Athi-Patra Ruga’s queens are finding freedom through art

 
 
 

Athi-Patra Ruga’s imagination is saturated with colour, lush imagery, exotic animals and costumed characters. His vision makes his art a visual delight, leaping straight out of playful fantasy. But its subject matter – that of gender, sexuality and race politics – alludes to a far more sombre reality. “My work is raising questions around the idea of what it is to be a person living in the rainbow nation,” he says. Ruga’s mythical characters have been exhibited at the Venice Biennale, the Tate Modern and the recently-opened Zeitz MOCAA in Cape Town. Beyond galleries, he has taken his performances to the streets, responding to South Africa’s history in a way that is contemporary and accessible.

Fashion, theatre and performance are hugely influential in Ruga’s art. The neon-stockinged, multicoloured-balloon-carrying character who populates The Future White Women of Azania series is perhaps his most widely recognised. The kaleidoscopic spectacle is a caricature of the rainbow nation dream, which Ruga interrogates by popping balloons. He uses his own body as a performance site – the same body that was once bullied for its effeminate nature. Now, he doesn’t want people just to look at what he has created. He wants them to walk away empowered. “I believe that the idea of giving courage to an audience is greater than wanting to change someone. The courage lasts with them forever,” he says.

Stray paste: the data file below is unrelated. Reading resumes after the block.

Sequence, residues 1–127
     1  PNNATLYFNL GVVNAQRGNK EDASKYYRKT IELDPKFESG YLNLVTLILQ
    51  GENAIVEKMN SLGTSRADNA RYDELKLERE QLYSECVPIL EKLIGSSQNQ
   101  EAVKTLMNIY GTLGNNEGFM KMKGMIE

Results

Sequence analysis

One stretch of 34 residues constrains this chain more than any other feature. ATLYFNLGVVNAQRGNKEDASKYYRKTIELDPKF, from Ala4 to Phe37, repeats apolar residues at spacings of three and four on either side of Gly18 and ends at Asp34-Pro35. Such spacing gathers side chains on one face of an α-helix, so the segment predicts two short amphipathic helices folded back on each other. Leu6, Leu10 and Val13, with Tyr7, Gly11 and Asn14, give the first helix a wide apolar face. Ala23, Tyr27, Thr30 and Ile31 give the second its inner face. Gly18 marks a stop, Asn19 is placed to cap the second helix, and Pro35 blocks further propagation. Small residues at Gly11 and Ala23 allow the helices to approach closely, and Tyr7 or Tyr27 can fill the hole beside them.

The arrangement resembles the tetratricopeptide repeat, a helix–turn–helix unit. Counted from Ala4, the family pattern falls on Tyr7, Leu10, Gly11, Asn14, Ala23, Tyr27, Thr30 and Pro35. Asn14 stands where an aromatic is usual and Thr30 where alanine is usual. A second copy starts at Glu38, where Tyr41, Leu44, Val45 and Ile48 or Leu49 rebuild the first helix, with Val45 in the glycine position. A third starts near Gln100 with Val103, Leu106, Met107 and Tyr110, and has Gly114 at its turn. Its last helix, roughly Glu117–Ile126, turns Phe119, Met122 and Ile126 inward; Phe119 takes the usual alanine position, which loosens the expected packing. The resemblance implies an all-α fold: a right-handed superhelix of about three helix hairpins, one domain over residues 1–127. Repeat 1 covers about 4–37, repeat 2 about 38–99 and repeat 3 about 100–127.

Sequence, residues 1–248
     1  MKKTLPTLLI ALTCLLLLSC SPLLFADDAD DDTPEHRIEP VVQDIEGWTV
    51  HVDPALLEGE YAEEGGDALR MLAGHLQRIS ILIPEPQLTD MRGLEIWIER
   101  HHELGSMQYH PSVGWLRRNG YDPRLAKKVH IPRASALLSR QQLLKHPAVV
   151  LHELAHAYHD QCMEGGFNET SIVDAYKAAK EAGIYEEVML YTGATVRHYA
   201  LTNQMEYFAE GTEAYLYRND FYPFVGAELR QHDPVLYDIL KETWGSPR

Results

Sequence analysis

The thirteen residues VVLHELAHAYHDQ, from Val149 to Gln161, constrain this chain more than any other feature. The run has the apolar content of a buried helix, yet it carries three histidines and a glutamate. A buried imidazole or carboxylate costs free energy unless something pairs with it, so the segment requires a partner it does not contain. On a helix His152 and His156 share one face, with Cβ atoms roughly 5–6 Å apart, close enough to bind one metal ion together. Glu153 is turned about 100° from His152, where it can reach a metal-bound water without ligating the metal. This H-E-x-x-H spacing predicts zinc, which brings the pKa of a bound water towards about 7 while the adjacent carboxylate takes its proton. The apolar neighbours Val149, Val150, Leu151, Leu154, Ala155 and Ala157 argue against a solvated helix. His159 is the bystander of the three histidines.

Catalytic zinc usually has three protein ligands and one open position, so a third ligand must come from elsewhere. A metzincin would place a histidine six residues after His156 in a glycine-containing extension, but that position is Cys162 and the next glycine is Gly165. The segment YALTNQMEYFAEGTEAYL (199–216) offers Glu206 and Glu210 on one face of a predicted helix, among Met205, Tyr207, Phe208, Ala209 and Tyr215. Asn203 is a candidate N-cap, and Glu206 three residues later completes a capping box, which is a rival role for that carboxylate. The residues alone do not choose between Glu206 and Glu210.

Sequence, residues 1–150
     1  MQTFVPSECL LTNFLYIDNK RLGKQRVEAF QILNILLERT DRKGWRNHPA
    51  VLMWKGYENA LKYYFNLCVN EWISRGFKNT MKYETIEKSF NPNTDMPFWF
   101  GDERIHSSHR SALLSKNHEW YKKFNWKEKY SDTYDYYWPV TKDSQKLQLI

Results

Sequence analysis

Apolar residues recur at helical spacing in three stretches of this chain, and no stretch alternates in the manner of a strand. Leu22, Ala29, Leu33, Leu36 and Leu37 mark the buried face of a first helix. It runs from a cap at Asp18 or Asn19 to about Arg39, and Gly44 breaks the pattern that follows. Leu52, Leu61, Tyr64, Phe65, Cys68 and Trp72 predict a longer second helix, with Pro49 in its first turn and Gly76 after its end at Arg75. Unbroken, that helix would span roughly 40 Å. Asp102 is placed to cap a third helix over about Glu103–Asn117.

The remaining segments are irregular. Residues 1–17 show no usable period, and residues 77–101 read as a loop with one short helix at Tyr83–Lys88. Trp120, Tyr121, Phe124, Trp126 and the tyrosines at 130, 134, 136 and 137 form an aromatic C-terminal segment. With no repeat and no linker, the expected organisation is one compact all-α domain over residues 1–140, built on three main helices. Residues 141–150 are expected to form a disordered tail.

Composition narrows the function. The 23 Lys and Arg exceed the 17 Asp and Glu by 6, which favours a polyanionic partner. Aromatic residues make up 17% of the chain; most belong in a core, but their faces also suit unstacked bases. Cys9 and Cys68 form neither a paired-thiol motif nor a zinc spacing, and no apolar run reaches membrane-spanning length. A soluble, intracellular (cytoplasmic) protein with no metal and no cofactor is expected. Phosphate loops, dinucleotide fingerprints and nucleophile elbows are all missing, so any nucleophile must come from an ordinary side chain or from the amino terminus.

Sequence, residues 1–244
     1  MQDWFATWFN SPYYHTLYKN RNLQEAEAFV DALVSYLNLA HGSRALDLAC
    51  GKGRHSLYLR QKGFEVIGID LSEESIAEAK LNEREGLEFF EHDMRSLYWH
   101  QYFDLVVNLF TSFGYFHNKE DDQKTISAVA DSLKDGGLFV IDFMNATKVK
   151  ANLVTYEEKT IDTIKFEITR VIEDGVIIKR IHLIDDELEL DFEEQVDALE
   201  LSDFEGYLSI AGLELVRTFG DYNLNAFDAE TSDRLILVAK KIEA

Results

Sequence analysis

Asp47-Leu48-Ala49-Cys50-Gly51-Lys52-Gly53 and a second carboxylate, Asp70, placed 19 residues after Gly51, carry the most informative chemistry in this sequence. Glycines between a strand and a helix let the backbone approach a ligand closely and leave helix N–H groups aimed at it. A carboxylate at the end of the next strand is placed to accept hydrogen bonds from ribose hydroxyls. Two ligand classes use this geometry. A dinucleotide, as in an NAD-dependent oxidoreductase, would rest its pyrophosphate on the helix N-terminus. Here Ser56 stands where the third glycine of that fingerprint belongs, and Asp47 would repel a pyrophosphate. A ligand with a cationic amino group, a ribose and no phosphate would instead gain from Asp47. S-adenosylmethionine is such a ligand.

Ruga’s latest series, Queens in Exile, features lost and forgotten historical figures who were persecuted. His performances give them voice and free them. “I believe that it is up to us as artists, people who are supposed to be bearing witness to our country, its changes, its ups and downs. It is our responsibility to tell those stories,” he says. In the process, Ruga offers us new ways of dealing with old problems. He states his mission simply – he wants to leave the world a better and prettier place. Through his ongoing contribution to the South African art scene, Ruga is proving that the greatest restrictions can inspire unlimited creative freedom.